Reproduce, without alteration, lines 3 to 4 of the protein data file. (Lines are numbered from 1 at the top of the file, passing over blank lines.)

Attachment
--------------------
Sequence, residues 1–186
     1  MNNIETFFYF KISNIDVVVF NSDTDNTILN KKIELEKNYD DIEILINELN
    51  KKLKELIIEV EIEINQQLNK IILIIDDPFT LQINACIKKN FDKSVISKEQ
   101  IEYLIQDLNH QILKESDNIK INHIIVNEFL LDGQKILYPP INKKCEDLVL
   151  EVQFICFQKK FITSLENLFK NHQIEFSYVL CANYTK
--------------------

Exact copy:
    51  KKLKELIIEV EIEINQQLNK IILIIDDPFT LQINACIKKN FDKSVISKEQ
   101  IEYLIQDLNH QILKESDNIK INHIIVNEFL LDGQKILYPP INKKCEDLVL